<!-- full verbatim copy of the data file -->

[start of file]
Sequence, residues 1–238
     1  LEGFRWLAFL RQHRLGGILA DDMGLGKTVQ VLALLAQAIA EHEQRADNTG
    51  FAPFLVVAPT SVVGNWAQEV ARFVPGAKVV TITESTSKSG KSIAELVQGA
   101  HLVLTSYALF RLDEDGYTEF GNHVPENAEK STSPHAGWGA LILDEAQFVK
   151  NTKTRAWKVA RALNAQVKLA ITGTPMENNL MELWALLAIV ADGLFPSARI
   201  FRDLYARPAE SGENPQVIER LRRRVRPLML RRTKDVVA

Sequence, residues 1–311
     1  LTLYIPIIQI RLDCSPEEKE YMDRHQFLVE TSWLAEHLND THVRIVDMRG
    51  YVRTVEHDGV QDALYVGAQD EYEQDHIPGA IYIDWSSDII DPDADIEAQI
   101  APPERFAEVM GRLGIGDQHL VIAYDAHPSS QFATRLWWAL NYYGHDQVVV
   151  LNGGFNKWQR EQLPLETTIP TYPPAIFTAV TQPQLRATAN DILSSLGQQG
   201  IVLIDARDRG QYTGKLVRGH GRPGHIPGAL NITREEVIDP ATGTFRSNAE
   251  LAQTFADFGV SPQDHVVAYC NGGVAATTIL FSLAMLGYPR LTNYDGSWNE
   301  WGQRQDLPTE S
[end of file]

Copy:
Sequence, residues 1–238
     1  LEGFRWLAFL RQHRLGGILA DDMGLGKTVQ VLALLAQAIA EHEQRADNTG
    51  FAPFLVVAPT SVVGNWAQEV ARFVPGAKVV TITESTSKSG KSIAELVQGA
   101  HLVLTSYALF RLDEDGYTEF GNHVPENAEK STSPHAGWGA LILDEAQFVK
   151  NTKTRAWKVA RALNAQVKLA ITGTPMENNL MELWALLAIV ADGLFPSARI
   201  FRDLYARPAE SGENPQVIER LRRRVRPLML RRTKDVVA

Sequence, residues 1–311
     1  LTLYIPIIQI RLDCSPEEKE YMDRHQFLVE TSWLAEHLND THVRIVDMRG
    51  YVRTVEHDGV QDALYVGAQD EYEQDHIPGA IYIDWSSDII DPDADIEAQI
   101  APPERFAEVM GRLGIGDQHL VIAYDAHPSS QFATRLWWAL NYYGHDQVVV
   151  LNGGFNKWQR EQLPLETTIP TYPPAIFTAV TQPQLRATAN DILSSLGQQG
   201  IVLIDARDRG QYTGKLVRGH GRPGHIPGAL NITREEVIDP ATGTFRSNAE
   251  LAQTFADFGV SPQDHVVAYC NGGVAATTIL FSLAMLGYPR LTNYDGSWNE
   301  WGQRQDLPTE S